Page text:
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Tea Manufacture


Orthodox Manufacture vs CTC Manufacture

Tea Manufacture

Tea (Camellia sinensis) is grown in literally thousands of tea gardens and estates throughout the world. While tea is manufactured in dozens of countries, the five traditional tea producing countries are:China, Japan, India, Sri Lanka (Ceylon), and Taiwan (Formosa). As with wine, variations in plant strains, soil type, altitude, and climate lend character and flavor unique to each tea estate.

Methods of Manufacture

Tea pickers in tea fieldAll types of tea begin with the tea leaf from the same plant, Camellia sinensis. How the tea leaf is processed after it is picked determines if it becomes white, green, oolong, black, or pu-erh tea. Tea can be manufactured using one of two approaches, orthodox or CTC. Orthodox production methods, whether done by hand or by machine, generally preserve the integrity of the tea leaf.

On the other hand, CTC manufacturing (or “crush-tear-curl”) uses machines to mince, shred or crush the leaf. Both methods can produce excellent teas; however the orthodox method is typically considered the more “traditional,” and produces tea that is generally more complex in flavor and aroma.

Orthodox Manufacture: Orthodox manufacture begins by selectively picking (often by hand) tea leaves. The leaves are allowed to wither, reducing their water content and making them soft and pliable. Once withered, the leaves are gently rolled to break down the cellular structure, beginning the oxidation process. The oxidation stage is primarily responsible for differentiating tea into its various categories – white, green, oolong, and black. The longer the oxidation process is allowed to continue, the darker the leaf becomes. Once the desired level of oxidation is reached, the leaves are dried to halt the oxidation process and make them suitable for distribution. The dried leaves are then graded and sorted into various sizes: whole leaf, broken leaf, fannings (small particles) and dust.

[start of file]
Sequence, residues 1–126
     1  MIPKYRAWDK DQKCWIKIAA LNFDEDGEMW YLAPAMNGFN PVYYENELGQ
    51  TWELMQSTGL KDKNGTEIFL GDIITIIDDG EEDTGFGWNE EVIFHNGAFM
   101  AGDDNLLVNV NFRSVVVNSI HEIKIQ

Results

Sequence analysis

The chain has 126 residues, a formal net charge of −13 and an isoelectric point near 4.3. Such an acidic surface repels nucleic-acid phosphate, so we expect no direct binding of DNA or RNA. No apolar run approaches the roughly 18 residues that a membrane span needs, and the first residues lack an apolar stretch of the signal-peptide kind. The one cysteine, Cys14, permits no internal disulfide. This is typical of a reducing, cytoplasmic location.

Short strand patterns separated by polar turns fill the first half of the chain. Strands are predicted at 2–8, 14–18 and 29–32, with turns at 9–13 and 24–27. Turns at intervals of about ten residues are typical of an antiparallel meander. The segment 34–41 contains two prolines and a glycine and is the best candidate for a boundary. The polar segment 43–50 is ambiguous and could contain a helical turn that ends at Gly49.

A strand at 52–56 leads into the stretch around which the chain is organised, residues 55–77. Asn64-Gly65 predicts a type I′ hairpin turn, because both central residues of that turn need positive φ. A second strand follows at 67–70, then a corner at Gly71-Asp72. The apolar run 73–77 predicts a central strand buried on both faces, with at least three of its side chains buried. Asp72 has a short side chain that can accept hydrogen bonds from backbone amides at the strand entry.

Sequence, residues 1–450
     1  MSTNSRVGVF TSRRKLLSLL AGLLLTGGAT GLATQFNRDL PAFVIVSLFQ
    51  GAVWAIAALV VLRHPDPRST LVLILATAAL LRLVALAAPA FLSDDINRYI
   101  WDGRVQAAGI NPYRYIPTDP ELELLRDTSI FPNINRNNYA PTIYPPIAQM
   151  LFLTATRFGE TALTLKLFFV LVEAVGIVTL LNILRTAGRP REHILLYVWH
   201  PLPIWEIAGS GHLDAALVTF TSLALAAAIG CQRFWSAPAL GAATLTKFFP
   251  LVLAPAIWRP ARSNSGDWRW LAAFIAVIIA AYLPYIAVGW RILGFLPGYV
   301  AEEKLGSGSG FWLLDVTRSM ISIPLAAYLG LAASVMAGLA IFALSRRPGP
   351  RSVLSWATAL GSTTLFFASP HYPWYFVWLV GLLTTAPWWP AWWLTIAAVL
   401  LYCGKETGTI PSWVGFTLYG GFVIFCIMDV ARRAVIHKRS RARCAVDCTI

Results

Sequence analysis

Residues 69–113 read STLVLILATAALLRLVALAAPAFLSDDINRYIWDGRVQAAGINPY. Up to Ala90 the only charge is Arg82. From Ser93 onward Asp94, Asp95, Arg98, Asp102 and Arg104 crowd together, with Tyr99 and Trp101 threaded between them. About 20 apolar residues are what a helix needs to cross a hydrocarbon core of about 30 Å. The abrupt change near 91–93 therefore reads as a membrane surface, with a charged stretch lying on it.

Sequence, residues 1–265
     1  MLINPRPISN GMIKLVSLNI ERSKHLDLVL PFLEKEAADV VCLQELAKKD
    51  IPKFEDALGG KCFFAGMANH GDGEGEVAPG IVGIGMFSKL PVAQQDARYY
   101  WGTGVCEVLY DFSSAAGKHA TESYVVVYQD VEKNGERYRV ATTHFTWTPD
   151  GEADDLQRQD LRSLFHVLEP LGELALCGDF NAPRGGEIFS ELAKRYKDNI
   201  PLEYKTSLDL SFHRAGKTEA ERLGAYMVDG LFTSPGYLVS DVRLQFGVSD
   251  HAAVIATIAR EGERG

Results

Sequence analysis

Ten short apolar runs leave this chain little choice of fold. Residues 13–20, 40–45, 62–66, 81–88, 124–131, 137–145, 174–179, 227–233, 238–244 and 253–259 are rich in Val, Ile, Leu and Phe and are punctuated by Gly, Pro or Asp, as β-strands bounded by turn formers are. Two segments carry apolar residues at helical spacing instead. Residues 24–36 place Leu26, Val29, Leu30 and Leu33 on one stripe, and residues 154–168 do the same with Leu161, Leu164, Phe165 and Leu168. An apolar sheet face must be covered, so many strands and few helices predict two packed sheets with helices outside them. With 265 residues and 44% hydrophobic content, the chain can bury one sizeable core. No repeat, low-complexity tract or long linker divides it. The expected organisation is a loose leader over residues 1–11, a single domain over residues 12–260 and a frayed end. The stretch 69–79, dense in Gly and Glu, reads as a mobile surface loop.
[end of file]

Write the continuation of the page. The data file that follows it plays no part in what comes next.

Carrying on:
CTC Manufacture: CTC (Crush-Tear-Curl) is the most well known non-orthodox method of manufacture, and was invented during WWII to increase the weight of the tea that could be packed into a chest. It also eliminates some of the labor required to produce tea, thus increasing the speed and efficiency of tea manufacture.

In the Crush-Tear-Curl process, tea leaves are plucked and withered. After they are withered the tea leaves are passed through a series of cylindrical rollers that crush, tear and roll the tea leaves into tiny, irregular balls that somewhat resemble coffee grounds. Once completed, the leaves are left to oxidize and are finally fired. After the tea is fired, it is sorted into different grades.

CTC tea is used primarily in mass-market teabags. Given the small particle size, CTC tea has a greater surface area ratio than whole leaf tea, causing it to brew quickly and generally have a thicker body with more astringency.